In his occasional column for The Huffington Post, Macalester College President Brian Rosenberg takes issue (sometimes snarkily) with the logic behind entrepreneur Peter Thiel’s offer of $100,000 to selected young people to pursue entrepreneurial ideas instead of college:
Let’s assume for the sake of argument that Mr. Thiel is correct and that the United States can improve its economic future by strategically lowering the level of educational attainment of its population. True, there is no past or present example of a country having done this, but Americans like to be exceptional, and we might as well be the first. …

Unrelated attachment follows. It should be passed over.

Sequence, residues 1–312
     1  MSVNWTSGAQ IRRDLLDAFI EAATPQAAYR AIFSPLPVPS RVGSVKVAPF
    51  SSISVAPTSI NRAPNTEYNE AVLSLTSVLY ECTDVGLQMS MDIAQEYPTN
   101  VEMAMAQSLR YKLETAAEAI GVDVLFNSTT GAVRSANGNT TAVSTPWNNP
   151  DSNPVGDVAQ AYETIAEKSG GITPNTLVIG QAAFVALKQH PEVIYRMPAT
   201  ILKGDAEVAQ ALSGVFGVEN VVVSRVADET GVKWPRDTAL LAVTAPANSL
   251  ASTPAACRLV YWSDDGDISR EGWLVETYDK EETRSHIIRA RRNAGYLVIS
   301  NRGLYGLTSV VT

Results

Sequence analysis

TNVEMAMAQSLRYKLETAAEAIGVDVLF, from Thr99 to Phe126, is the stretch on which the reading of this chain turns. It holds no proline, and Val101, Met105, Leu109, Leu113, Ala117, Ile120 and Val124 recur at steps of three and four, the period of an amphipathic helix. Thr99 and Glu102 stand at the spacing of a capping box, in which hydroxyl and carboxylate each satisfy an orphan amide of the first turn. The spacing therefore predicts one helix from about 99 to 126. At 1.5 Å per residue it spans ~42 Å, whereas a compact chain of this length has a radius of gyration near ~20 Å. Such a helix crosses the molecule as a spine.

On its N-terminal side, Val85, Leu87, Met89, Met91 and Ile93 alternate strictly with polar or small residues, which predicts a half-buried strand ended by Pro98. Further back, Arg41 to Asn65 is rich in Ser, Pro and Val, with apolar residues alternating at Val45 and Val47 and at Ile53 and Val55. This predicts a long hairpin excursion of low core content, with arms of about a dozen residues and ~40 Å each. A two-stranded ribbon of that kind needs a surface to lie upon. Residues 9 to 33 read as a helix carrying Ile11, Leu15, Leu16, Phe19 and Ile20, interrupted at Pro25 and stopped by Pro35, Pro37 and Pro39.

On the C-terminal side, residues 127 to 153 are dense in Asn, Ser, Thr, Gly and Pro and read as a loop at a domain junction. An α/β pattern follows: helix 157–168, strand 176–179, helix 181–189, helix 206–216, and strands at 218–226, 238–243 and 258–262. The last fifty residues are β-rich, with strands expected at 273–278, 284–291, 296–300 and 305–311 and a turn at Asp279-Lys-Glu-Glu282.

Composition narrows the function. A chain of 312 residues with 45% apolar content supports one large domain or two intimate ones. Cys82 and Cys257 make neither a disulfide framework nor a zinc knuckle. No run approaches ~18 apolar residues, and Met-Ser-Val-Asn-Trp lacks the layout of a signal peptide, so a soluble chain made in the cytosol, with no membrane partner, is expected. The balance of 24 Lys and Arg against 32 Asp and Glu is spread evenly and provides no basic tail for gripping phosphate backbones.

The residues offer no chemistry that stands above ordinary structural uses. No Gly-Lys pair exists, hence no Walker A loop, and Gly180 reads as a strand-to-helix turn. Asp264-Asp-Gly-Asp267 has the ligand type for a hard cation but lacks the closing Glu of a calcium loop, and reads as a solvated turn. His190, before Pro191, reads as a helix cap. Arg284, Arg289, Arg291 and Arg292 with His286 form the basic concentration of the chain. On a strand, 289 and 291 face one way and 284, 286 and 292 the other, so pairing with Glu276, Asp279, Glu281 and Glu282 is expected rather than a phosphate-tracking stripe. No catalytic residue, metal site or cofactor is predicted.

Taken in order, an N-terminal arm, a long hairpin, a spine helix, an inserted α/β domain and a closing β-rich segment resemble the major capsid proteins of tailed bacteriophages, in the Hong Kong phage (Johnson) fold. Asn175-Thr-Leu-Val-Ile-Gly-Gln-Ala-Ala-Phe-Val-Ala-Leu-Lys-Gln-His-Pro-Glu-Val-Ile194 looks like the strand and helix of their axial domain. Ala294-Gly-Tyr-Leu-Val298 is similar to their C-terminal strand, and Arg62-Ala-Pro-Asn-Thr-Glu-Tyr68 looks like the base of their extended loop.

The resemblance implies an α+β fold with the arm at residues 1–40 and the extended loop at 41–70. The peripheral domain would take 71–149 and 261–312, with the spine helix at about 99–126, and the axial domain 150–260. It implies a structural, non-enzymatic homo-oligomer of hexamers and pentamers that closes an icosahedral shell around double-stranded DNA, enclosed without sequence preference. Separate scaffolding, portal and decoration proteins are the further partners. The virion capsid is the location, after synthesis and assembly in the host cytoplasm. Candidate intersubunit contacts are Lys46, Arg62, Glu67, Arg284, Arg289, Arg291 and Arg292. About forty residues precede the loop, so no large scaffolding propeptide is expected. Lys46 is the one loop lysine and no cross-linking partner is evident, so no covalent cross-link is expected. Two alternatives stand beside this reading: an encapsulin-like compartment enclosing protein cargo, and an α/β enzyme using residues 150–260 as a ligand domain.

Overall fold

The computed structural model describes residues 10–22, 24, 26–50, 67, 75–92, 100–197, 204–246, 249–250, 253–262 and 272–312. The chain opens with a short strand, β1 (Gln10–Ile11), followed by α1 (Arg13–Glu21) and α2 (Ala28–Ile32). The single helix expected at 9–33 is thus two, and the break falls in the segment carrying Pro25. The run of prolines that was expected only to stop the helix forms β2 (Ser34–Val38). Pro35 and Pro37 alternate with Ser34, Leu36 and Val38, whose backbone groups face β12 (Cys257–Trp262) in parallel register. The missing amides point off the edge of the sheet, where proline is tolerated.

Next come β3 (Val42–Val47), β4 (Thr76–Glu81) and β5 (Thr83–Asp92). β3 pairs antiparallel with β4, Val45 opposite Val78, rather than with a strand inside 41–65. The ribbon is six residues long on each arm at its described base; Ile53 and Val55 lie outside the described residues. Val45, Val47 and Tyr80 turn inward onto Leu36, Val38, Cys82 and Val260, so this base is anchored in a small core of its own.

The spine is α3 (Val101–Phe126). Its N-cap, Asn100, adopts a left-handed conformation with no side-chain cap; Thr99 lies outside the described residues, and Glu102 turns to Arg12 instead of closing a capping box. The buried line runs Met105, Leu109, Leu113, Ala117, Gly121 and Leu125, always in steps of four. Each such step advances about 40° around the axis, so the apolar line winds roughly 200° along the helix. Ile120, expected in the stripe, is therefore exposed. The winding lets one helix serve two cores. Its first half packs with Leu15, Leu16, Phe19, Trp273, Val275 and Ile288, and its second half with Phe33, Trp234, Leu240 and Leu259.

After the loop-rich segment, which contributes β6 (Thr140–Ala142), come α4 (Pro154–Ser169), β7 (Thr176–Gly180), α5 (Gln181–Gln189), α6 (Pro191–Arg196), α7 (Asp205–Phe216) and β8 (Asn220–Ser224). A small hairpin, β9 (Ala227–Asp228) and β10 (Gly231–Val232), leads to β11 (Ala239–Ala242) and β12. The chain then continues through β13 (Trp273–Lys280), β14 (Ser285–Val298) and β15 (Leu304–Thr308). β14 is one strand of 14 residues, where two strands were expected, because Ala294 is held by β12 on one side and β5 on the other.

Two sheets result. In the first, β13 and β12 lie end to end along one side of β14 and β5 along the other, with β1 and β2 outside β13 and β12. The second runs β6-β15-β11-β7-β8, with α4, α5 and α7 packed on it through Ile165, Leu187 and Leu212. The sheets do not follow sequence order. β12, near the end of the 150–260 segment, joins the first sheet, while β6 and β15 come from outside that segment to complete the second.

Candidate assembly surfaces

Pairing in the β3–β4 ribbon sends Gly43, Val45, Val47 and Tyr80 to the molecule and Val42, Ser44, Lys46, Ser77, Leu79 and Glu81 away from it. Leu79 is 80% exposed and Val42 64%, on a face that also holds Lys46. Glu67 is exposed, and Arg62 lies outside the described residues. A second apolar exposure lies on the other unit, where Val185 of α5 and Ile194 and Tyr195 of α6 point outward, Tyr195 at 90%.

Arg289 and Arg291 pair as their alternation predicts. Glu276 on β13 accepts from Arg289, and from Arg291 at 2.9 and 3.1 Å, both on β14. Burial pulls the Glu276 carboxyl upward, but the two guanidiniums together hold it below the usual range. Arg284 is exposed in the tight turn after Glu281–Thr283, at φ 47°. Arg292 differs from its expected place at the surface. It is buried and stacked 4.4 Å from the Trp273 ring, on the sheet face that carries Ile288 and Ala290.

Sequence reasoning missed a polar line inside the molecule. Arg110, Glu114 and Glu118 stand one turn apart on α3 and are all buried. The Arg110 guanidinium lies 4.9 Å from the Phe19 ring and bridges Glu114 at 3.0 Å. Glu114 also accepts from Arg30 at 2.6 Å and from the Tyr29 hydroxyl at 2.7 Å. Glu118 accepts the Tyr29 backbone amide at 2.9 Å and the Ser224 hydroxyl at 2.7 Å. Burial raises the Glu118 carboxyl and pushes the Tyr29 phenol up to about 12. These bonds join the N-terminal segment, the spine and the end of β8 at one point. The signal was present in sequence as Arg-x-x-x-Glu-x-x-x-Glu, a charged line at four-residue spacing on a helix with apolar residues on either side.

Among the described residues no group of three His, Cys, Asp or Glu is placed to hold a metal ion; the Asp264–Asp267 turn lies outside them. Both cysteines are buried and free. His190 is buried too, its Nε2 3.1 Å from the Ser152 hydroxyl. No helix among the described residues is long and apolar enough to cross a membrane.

Instead I would advance the radical notion that education has value upon which one cannot fix a monetary price — that pursuing a college degree and owning shares of Pets.com are not more or less the same thing.
Unless one believes that there is both an intrinsic value to becoming more broadly and deeply educated and a civic value to having an educated populace, Mr. Thiel is correct — sort of.
The higher education systems of Europe and Japan have a more narrowly vocational focus than does the system in the United States, yet there is no evidence that this has resulted over time in more robust economic growth. But presumably international economics is another of those subjects better skipped so that one can… get on with it.